For some reason during the citizenship evaluation, the officer who interviewed me thought that I had an interesting story; she called me many months after the interview, close to the day of the ceremony, to ask me to talk about my immigration experience. I was asked to speak on behalf of all the immigrants at my citizen ceremony. I was surprised and a bit afraid to speak; all the visas and immigration procedures until that citizenship test have been really annoying and rather than welcome, you feel rejection and suspicion. But I took this invitation to speak to be an honor and an emblematic acceptance.

I prepared my speech and I delivered it trying not to cry. It was a strangely emotional moment for me, similar to when I got married, I felt it was a big commitment, and I am very resistant to long term commitments . . . even though I have married twice! The oath ceremony was tense; I could read into the “new” Americans’ bodies and expressions how difficult their journeys and stories have been. There were new immigrants from thirty-four different countries, many of which I had never heard of. When each person was asked to stand up when their country was mentioned, I felt part of the world of people on the move: I was one more in the journey and my history, my story being in my body, mirroring the stories and bodies of millions of people in a world on the move.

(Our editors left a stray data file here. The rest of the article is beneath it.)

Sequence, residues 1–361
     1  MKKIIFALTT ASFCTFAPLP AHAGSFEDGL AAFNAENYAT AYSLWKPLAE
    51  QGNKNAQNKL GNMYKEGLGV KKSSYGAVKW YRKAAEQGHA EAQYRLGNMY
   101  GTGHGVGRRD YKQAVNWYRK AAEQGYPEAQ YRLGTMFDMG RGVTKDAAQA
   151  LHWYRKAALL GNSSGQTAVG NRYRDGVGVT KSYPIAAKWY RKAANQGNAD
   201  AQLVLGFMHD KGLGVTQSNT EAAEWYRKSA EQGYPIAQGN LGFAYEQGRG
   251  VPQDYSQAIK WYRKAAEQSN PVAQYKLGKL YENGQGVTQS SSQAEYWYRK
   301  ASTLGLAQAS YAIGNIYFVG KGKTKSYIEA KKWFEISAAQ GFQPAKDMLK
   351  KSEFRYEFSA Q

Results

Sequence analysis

That day I decided that Supper would be an exploration of migration, and that it would move further away from my own experience. I could address migration through movement, dance. The idea was in the title, Supper, a farewell dinner, a personal history moving into the human experience of people being on the move, the many of us who are looking for new horizons.


Q: What is an “in between” place?
Silvana: In between places, cultures, languages. Constantly translating thoughts in both languages, dreaming in English, speaking Spanish, thinking in Spanish and speaking English. In between is the overlap, where many people live. Migrants, legal or illegal, are displaced; trespassing borders they become the other. The in betweeness of the immigration experience is to stretch you to understand, to be accepted.

In between visas, long waits for permissions to work, to travel, explaining trips, short or long stays—in short, a nerve breaking process where your freedom of choices are constantly being questioned. Meanwhile, if you are a visitor in J or H visas, your legal status is suspected and questioned every time you encounter entrances and exits in the US. In the process of becoming a resident your freedom of choice is constantly challenged and this process takes months and the estimated time that these processes last is hardly ever met and delays complicate your permissions to work and travel. Then there is a relief when you get a green card or permanent resident card, you gain stability and freedom to stay without having to report every year or so, which you have to do for J or H visas.

In transit, in between, that is how I felt for years. I have to admit that perhaps that was an interesting practice for me, it taught me to be in the moment. I find that the best response in dance and performance is when you are alert, in the moment, ready to go. For me it has been living in the overlap of culture and places. After a while you became a dual citizen, you are able to navigate comfortably both cultures, there is certain richness about that experience.